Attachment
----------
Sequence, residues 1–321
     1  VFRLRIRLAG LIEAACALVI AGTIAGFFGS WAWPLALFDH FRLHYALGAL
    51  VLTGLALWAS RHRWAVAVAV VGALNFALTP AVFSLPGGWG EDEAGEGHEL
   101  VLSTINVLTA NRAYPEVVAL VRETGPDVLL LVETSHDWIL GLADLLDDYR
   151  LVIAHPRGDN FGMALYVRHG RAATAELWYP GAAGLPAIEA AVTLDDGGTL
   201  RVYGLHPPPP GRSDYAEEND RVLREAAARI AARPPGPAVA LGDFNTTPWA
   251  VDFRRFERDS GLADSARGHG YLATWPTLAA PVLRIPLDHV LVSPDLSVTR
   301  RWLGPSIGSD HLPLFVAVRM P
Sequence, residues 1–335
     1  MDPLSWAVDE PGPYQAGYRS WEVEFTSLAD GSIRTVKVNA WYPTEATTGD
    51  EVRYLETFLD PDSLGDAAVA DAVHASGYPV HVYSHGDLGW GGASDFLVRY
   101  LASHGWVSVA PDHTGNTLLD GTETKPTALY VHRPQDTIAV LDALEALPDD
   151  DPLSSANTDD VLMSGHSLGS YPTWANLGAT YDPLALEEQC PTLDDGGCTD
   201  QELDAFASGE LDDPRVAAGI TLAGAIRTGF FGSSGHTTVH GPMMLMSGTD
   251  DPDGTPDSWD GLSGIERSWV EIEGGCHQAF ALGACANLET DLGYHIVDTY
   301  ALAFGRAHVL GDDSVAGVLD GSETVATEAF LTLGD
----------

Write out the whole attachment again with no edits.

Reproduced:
Sequence, residues 1–321
     1  VFRLRIRLAG LIEAACALVI AGTIAGFFGS WAWPLALFDH FRLHYALGAL
    51  VLTGLALWAS RHRWAVAVAV VGALNFALTP AVFSLPGGWG EDEAGEGHEL
   101  VLSTINVLTA NRAYPEVVAL VRETGPDVLL LVETSHDWIL GLADLLDDYR
   151  LVIAHPRGDN FGMALYVRHG RAATAELWYP GAAGLPAIEA AVTLDDGGTL
   201  RVYGLHPPPP GRSDYAEEND RVLREAAARI AARPPGPAVA LGDFNTTPWA
   251  VDFRRFERDS GLADSARGHG YLATWPTLAA PVLRIPLDHV LVSPDLSVTR
   301  RWLGPSIGSD HLPLFVAVRM P
Sequence, residues 1–335
     1  MDPLSWAVDE PGPYQAGYRS WEVEFTSLAD GSIRTVKVNA WYPTEATTGD
    51  EVRYLETFLD PDSLGDAAVA DAVHASGYPV HVYSHGDLGW GGASDFLVRY
   101  LASHGWVSVA PDHTGNTLLD GTETKPTALY VHRPQDTIAV LDALEALPDD
   151  DPLSSANTDD VLMSGHSLGS YPTWANLGAT YDPLALEEQC PTLDDGGCTD
   201  QELDAFASGE LDDPRVAAGI TLAGAIRTGF FGSSGHTTVH GPMMLMSGTD
   251  DPDGTPDSWD GLSGIERSWV EIEGGCHQAF ALGACANLET DLGYHIVDTY
   301  ALAFGRAHVL GDDSVAGVLD GSETVATEAF LTLGD